Updated: Sep 8
Weaving is one of the oldest traditional art forms in the world. In the Philippines, evidence of weaving dates back to the 13th Century, before any colonizers set foot in the country. The most common raw materials are cotton, abaca, and pineapple leaves.
This blog will focus on two indigenous weaving practices in the Philippines. First, the Iloko weave of the Ilocanos that has seen great transformations over time, and second, the T’nalak by the southern T’boli tribe that has persisted in much the same form.
Weaving is a form of art, an expression of one’s culture, and it has played important roles in the local and global economy. Weaving was originally practiced by necessity as a part of a subsistence lifestyle, to create clothes and other textile goods. These products were eventually traded between community groups. One notable example is the white blanket Iloko weave, popularly called Abel, that was traded with the northern Ibalois (another indigenous group in the northern Philippines) who used this white blanket for death and burial practices. Weaving has also been a part of the standard education for women in the northern cordillera region, while the men were taught carving, agriculture, and mining. Play the video below to listen to Professor Io Jularbal of the University of the Philippines Baguio share about the history and tradition of weaving in the northern Philippines.
Across the globe, many forms of weaving have been lost over time due to financial strife, weaver migration, mass production by non-natives, and lack of interest among the younger generations. The ancient traditional Iloko weave may be at risk as well. The pressure of the weavers to produce more products for commercial purposes has dramatically changed the quality and artistry of their work, and the old practice is largely ignored.
Fortunately, many traditional forms of weaving are still alive and well in the Philippines. One of these is T’nalak weaving, a unique hand weaving technique developed by the T’boli indigenous peoples in Mindanao, the southernmost region of the Philippines.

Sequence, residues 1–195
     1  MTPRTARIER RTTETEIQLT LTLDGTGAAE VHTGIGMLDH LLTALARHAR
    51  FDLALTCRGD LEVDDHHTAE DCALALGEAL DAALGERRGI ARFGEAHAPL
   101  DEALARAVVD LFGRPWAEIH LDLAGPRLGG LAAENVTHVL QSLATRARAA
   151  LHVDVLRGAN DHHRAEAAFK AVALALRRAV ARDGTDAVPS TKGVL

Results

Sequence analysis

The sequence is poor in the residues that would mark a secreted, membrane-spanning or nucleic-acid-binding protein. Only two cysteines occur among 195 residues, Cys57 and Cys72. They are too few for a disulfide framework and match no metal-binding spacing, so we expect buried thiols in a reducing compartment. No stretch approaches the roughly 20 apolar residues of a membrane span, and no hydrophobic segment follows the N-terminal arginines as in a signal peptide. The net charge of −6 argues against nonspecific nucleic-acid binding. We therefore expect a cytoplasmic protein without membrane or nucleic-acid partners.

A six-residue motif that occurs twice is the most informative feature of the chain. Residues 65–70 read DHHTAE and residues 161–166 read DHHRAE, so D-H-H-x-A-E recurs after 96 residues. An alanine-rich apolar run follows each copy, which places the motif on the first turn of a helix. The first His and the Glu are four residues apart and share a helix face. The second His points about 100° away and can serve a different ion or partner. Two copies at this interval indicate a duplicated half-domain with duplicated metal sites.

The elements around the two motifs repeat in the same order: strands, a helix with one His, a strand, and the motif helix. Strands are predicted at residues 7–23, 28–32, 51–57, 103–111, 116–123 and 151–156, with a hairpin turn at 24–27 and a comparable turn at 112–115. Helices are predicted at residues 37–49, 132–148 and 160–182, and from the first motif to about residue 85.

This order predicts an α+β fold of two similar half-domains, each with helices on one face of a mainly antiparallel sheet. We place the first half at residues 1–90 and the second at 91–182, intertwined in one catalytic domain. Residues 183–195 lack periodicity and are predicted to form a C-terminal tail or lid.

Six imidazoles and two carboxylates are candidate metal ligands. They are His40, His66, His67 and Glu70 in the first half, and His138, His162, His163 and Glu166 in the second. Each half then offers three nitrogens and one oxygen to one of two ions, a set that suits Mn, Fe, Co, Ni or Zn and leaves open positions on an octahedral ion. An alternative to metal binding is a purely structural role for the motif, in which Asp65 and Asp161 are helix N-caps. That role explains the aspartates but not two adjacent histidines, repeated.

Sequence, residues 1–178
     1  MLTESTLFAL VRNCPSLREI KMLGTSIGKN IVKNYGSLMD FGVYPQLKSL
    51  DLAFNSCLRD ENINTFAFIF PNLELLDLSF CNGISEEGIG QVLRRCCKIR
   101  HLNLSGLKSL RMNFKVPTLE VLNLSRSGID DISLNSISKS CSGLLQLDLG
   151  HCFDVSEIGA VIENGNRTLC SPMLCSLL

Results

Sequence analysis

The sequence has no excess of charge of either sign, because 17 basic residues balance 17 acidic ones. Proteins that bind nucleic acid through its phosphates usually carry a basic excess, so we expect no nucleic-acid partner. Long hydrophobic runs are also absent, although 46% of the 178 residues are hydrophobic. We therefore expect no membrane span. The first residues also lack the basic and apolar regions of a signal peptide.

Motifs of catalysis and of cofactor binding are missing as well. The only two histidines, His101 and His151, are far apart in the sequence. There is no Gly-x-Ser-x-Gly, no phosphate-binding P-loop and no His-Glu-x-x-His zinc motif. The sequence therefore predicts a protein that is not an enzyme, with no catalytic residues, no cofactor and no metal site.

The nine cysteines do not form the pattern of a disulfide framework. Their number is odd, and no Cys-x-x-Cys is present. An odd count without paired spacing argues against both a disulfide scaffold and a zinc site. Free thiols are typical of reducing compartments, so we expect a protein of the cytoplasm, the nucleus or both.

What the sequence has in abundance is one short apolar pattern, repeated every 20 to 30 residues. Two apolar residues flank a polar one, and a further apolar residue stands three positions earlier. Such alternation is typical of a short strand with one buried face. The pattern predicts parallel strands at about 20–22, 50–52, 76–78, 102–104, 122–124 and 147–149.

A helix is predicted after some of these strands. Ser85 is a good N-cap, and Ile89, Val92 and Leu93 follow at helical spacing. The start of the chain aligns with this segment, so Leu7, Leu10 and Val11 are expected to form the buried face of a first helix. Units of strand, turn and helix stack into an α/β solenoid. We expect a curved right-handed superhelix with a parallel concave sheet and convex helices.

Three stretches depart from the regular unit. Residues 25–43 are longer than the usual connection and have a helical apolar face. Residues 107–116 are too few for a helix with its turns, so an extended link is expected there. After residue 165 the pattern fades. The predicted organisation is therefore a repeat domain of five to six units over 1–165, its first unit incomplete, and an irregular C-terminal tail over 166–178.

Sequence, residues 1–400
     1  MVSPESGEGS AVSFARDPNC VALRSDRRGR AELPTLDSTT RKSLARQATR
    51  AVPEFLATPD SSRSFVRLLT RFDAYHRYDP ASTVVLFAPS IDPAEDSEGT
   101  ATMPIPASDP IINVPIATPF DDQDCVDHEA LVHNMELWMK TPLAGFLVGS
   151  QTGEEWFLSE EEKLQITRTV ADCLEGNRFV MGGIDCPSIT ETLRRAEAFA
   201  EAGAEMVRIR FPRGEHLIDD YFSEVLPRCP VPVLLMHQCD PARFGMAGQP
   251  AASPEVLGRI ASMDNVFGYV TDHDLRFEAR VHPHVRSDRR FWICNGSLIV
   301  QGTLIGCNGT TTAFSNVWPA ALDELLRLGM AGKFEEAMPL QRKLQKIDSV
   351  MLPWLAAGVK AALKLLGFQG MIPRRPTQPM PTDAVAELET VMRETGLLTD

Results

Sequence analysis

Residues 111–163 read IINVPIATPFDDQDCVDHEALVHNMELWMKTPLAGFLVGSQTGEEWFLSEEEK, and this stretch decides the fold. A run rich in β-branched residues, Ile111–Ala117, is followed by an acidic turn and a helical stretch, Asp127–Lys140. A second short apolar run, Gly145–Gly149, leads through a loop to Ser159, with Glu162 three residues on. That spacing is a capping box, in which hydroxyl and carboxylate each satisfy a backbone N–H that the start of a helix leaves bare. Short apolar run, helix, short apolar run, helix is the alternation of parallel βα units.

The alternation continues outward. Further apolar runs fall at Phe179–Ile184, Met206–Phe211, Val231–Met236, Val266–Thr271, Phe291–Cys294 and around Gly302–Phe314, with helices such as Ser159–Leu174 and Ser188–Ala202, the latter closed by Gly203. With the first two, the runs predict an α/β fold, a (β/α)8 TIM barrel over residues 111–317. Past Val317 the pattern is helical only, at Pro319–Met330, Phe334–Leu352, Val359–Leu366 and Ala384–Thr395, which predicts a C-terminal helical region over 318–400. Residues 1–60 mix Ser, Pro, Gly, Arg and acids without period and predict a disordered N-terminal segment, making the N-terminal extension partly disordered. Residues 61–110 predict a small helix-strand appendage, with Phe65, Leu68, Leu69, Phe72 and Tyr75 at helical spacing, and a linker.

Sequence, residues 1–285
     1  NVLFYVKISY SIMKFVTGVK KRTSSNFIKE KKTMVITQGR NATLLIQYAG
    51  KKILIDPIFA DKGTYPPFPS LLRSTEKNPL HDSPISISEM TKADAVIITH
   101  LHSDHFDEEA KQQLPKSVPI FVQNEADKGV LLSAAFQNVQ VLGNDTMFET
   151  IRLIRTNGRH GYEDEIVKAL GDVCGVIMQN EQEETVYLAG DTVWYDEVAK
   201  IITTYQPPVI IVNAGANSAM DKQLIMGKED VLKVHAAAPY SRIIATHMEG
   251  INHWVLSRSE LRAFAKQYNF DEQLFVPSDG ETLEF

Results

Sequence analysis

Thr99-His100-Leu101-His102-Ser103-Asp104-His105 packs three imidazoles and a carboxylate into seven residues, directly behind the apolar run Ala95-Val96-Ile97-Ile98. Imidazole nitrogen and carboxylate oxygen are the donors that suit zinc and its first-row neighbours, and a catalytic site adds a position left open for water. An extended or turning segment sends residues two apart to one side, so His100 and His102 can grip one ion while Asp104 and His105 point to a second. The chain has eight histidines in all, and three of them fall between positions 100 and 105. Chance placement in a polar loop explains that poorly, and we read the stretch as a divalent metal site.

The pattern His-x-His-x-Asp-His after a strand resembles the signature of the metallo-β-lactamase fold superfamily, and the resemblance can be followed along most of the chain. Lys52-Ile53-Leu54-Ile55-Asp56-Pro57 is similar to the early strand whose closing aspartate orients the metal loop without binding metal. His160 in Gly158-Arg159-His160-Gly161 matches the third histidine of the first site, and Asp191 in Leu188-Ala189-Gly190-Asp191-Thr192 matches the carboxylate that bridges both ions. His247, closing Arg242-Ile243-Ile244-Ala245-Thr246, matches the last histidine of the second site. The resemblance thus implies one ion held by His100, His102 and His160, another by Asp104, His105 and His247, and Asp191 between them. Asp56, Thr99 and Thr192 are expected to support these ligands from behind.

The T’boli community prides itself not only on their beautiful natural environment, but also the colorful traditional attire made from their unique T’nalak weaving process. In the next video, we hear from some of the T’boli women sharing about their headdress (called sewat), decorated blouse (kegal bentilas), and rectangular wraparound skirt (lewek tedeyung).
The T’boli is one of the 17 major indigenous groups living in Mindanao, collectively called the Lumad. They predominantly occupy a city in South Cotabato called Lake Sebu (not to be confused with Cebu province in the middle island of the Philippines). While I personally have yet to visit Lake Sebu, I was excited to learn about it from my T’boli friends. It is most famous for its majestic waterfalls, clear lakes, rich biodiversity and unique culture. It is an emerging ecotourism destination in the Philippines. In the clip below, my friend Angie Nellas tells the story of her journey to Lake Sebu and how she met the Dreamweavers - the T’boli women who continue the T’nalak weaving tradition.
T’nalak weaving took a step further when the late Lang Dulay, a T’boli princess, was awarded the National Living Treasures Award, also called the Gawad sa Manlilikha ng Bayan. This is the highest state honor given to a Filipino in recognition of their exemplary work in traditional art. Lang Dulay created more than 100 unique weaving patterns, which she said were inspired by her dreams. Her students became the Dreamweavers we know and love today.
T’nalak textile production is a labor-intensive process. Each piece is woven with utmost care and takes about three months to complete. The unique style of crafting t’nalak and the story behind each pattern makes mass production an impossibility without eliminating everything special about the practice. The clip below will walk you through the process of t’nalak weaving using the wood fibers of the abaca (Musa textilis), a banana plant native to the Philippines.
After stripping the abaca fibers, threads are made by fastening the ends together. There are several steps in smoothing out the threads to a form that can be woven. Interestingly, the sheets of fabric are nearly fully formed before dyeing using natural dyes. Different sections of the sheets are tied up in a special design process so the dye only reaches the desired sections. Finally, the weaving and smoothing process completes the fabric. Check out the video to see the whole thing!
I am deeply inspired by the T’boli women carrying on the traditional way of weaving T’nalak. Lang Dulay’s own family has continued the tradition, and her children and grandchildren are known as the Betek Ifuy Dreamweavers. T’nalak weaving is laborious and time-consuming, and the final products are gorgeous and durable. The women are always working but often have trouble finding buyers - they are busy with their art!
As a way to support the Betek Ifuy Weavers, Pinay Artist is bringing the T’nalak and other T’boli products to the international market. See https://www.pinayartist.com/traditional-art.